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A Theory of Fun for Game Design

A Theory of Fun for Game Design

http://www.theoryoffun.com/

Related:  Education, games and gamification

Bartle's Taxonomy of Player Types (And Why It Doesn't Apply to Everything) Richard Bartle co-created MUD (Multi-User Dungeon), the text-based precursor to today's MMORPGs, while studying at Essex University. He ended up formulating the theory that all MUD players could be broken down into four main types: killers, achievers, explorers, and socializers. This theory has since been used in all sorts of game design situations where it doesn't apply - let's look at what exactly it does tell us. MUD is a text-based adventure game (no graphics at all, only text) that had the then-unique attribute of being able to be played alongside other human players.

Top 10 Best Video Game Spinoffs Video Game spinoffs aren't actually as common as you might think. Sure, games have tons of sequels, but those don't really count, and mashups like Marvel vs. Capcom or Super Smash Bros. are in a category of their own. Massively Overthinking: Let’s take the classic Bartle test – Massively Overpowered Here’s something you probably didn’t know: Online worlds researcher Dr. Richard Bartle didn’t actually write the Bartle test. His original research explored, analyzed, and defined the four player archetypes — killer, socializer, achiever, and explorer — but the test based on that paper was created a few years later by Erwin Andreasen and Brandon Downey and named in his honor. We’ve been talking a lot about Bartle’s ideas’ relevance to modern MMOs in the last month or two, so I thought it would be fun to ask the Massively OP staff and readers to take the test, share their results, and talk about what it all means in this week’s Massively Overthinking. There are, of course, some caveats.

Best Gamification Books - Where to start and Why Here's a list I wanted to share with you all on (almost) all the books that you should read if you are to become a gamification expert (still a long way for me, want to join?) So what should I read and is there any order I have to follow? YES! What is Gamification? Gamification is the concept of applying game mechanics and game design techniques to engage and motivate people to achieve their goals.[1] Gamification taps into the basic desires and needs of the users impulses which revolve around the idea of Status and Achievement. The research company Gartner predicts that by 2015, a gamified service for consumer goods marketing and customer retention will become as important as Facebook, eBay, or Amazon, and more than 70% of Global 2000 organizations will have at least one gamified application. [2] History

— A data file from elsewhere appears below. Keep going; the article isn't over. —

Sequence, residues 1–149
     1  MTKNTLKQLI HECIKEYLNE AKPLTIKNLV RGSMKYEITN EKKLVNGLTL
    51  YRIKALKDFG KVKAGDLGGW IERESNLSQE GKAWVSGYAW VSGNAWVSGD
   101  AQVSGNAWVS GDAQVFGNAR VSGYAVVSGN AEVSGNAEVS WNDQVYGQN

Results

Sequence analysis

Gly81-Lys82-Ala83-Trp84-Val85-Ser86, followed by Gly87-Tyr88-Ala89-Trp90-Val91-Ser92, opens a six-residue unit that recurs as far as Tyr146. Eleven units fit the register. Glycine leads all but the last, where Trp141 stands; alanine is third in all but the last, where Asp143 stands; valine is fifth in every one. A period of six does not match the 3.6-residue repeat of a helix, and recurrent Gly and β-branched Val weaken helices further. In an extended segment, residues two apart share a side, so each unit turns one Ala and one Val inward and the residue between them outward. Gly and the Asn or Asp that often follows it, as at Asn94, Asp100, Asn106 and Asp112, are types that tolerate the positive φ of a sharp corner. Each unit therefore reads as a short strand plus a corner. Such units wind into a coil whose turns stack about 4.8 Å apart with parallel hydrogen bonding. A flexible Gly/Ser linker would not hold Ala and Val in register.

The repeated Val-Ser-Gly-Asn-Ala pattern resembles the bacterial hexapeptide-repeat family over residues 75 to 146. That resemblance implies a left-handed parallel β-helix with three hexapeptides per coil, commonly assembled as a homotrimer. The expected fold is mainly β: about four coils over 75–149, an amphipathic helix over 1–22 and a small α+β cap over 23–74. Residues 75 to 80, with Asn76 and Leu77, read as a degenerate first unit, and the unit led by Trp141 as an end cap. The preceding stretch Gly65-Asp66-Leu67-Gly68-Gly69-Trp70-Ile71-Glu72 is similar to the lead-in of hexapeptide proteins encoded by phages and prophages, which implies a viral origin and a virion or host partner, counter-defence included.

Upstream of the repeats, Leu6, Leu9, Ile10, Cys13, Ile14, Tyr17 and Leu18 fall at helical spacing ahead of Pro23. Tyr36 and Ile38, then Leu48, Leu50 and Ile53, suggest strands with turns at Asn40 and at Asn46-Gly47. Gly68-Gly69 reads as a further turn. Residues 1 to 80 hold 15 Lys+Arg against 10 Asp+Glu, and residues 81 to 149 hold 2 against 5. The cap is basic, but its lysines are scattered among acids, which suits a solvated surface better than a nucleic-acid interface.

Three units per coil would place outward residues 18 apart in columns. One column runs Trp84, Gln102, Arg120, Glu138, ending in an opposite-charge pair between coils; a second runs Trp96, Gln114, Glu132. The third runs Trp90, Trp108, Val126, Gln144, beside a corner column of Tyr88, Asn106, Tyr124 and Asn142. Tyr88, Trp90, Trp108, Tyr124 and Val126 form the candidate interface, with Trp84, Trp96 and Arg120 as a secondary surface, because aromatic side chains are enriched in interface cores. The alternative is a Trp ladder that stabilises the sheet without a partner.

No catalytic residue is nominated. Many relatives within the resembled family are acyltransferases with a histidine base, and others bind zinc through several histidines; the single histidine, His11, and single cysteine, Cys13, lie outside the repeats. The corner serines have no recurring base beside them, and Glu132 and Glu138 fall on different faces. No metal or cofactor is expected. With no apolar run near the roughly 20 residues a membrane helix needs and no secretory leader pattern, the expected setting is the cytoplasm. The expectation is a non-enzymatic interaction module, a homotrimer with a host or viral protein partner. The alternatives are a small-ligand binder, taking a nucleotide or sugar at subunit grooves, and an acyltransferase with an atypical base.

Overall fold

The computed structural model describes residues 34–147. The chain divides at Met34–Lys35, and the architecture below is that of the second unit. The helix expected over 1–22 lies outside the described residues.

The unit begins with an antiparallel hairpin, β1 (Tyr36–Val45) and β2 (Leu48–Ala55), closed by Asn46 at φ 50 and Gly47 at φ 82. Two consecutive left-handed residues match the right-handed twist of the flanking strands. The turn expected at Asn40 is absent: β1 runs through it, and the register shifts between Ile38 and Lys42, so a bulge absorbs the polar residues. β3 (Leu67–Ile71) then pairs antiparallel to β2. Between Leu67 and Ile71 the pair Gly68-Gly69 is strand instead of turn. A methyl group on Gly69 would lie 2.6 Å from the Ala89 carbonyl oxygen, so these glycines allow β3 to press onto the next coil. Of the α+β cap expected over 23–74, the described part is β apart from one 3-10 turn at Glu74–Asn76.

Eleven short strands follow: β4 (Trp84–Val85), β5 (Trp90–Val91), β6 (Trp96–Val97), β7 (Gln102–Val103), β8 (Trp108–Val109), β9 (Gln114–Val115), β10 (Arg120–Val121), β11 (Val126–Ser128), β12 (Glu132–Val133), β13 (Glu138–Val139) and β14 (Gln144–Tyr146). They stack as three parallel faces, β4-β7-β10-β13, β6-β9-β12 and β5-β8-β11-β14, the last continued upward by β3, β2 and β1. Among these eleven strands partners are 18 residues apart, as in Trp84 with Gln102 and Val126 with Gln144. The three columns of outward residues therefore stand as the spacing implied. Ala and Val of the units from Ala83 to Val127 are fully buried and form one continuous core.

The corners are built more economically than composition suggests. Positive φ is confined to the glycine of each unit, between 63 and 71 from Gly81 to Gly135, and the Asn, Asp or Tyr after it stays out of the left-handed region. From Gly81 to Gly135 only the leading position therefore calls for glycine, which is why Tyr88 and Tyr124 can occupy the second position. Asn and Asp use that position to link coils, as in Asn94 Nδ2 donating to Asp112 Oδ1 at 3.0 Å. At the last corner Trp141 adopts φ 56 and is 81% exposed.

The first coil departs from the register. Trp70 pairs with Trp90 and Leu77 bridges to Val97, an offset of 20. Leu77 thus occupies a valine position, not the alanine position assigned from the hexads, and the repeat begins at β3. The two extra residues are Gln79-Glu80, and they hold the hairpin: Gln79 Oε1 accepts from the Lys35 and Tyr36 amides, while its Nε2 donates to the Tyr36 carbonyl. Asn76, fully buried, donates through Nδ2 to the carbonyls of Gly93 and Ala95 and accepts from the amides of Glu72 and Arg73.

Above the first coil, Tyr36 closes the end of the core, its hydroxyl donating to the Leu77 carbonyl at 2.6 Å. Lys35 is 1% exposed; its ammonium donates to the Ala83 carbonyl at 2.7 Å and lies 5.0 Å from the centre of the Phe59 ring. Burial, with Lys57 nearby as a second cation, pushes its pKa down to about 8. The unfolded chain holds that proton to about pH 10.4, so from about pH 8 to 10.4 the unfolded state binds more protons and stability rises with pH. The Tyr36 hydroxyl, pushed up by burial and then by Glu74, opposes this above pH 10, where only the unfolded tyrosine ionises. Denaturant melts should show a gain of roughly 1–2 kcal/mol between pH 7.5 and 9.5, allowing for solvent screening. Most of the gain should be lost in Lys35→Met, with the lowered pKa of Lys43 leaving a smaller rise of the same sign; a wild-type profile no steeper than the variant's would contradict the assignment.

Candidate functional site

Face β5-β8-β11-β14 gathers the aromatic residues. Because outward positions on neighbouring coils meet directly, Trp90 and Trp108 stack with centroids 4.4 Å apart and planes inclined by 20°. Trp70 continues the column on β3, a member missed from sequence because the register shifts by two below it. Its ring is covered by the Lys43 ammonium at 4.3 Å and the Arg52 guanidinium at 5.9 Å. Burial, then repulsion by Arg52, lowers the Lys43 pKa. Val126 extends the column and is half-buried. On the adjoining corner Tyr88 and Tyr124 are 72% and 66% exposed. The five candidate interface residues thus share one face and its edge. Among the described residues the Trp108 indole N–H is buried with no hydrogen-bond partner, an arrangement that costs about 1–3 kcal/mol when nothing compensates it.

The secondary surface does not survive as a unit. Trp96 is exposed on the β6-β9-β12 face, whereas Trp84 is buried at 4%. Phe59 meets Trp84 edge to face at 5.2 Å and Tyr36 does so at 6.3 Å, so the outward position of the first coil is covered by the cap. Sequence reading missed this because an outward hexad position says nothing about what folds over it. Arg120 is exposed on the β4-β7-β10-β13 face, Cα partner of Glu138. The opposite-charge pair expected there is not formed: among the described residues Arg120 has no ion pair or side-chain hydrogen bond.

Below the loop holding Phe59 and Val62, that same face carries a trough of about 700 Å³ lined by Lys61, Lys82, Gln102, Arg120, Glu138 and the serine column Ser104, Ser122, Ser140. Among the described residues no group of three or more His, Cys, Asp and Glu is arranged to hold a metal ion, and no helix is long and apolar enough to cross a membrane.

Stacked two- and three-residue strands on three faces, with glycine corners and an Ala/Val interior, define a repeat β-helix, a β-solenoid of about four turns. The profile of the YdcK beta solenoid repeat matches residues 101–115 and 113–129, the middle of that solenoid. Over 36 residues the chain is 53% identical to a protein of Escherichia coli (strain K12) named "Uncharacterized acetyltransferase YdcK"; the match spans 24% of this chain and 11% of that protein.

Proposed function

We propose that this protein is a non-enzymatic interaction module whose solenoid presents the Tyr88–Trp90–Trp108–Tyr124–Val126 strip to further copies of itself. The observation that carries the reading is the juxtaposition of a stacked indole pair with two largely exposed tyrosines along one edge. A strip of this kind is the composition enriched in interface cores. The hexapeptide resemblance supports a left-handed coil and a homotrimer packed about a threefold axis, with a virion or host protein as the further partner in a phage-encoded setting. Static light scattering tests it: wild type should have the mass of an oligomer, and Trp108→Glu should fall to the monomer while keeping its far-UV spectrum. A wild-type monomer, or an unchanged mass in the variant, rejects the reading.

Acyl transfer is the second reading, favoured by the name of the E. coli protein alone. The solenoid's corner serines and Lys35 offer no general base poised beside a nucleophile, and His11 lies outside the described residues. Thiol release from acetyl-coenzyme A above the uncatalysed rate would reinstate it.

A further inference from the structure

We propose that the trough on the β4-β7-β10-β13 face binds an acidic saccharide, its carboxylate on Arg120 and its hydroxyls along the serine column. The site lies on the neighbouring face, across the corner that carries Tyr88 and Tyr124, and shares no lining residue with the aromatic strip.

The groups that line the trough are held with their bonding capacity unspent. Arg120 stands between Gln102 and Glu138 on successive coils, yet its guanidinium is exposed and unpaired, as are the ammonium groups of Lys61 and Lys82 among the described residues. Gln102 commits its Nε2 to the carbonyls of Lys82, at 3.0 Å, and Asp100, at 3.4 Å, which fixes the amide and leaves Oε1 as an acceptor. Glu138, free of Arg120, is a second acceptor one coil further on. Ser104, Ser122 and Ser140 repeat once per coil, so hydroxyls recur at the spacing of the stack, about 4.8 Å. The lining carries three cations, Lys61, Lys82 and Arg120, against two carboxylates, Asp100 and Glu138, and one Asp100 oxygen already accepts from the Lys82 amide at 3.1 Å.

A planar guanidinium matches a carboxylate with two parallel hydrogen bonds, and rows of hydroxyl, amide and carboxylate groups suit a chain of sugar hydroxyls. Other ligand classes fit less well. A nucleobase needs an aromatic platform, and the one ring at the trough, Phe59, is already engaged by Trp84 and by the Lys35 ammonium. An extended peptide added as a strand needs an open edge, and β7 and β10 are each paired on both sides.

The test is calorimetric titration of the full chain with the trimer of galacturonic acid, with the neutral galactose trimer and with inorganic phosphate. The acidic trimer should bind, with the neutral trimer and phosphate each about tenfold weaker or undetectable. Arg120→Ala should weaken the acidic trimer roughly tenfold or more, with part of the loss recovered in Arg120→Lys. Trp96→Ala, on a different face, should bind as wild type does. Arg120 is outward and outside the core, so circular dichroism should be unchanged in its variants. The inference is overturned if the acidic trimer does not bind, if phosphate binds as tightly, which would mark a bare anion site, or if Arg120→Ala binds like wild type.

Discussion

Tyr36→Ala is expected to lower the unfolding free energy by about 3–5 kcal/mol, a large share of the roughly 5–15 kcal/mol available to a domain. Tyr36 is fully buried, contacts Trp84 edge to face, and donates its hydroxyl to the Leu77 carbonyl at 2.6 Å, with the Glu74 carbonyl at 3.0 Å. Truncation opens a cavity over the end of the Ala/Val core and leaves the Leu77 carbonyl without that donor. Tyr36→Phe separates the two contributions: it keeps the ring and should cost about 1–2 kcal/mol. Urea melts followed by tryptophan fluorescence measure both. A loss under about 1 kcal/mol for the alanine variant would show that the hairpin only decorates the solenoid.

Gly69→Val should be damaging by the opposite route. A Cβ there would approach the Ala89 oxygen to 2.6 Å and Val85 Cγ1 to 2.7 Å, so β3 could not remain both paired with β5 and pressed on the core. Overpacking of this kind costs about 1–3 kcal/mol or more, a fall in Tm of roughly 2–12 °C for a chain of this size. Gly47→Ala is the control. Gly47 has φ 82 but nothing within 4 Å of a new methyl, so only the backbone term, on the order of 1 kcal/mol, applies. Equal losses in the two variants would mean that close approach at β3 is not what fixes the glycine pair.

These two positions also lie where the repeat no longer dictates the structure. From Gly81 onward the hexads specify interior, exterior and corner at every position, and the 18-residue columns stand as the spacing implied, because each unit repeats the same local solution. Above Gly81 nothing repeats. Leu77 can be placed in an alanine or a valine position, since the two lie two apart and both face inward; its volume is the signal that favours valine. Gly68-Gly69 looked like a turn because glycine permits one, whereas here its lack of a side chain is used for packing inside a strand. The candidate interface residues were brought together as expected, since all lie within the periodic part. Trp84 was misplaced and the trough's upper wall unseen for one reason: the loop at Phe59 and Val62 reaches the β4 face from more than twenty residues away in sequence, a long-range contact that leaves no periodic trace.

Video Game Design XSeries Program Overview Imagine what it would be like to turn your love of playing video games into a career. What skills would you need to become a successful video game designer, and what job opportunities could you pursue in the industry? In this XSeries, those questions and more will be answered by Rochester Institute of Technology’s Game Design and Development faculty and the director of the International Center for the History of Electronic Games at The Strong National Museum of Play.

The Engagement Alliance By earning your Gamification Design Certification you’ll become part of an elite group of experts on the cutting edge of engagement science. Help organizations transform their marketing and employee engagement strategies, building reward and recognition into their strategic framework. Earning your formal certification helps your partners and employers know that you’ve completed the essential training elements required to build transformative processes and approaches, and couldn’t be easier.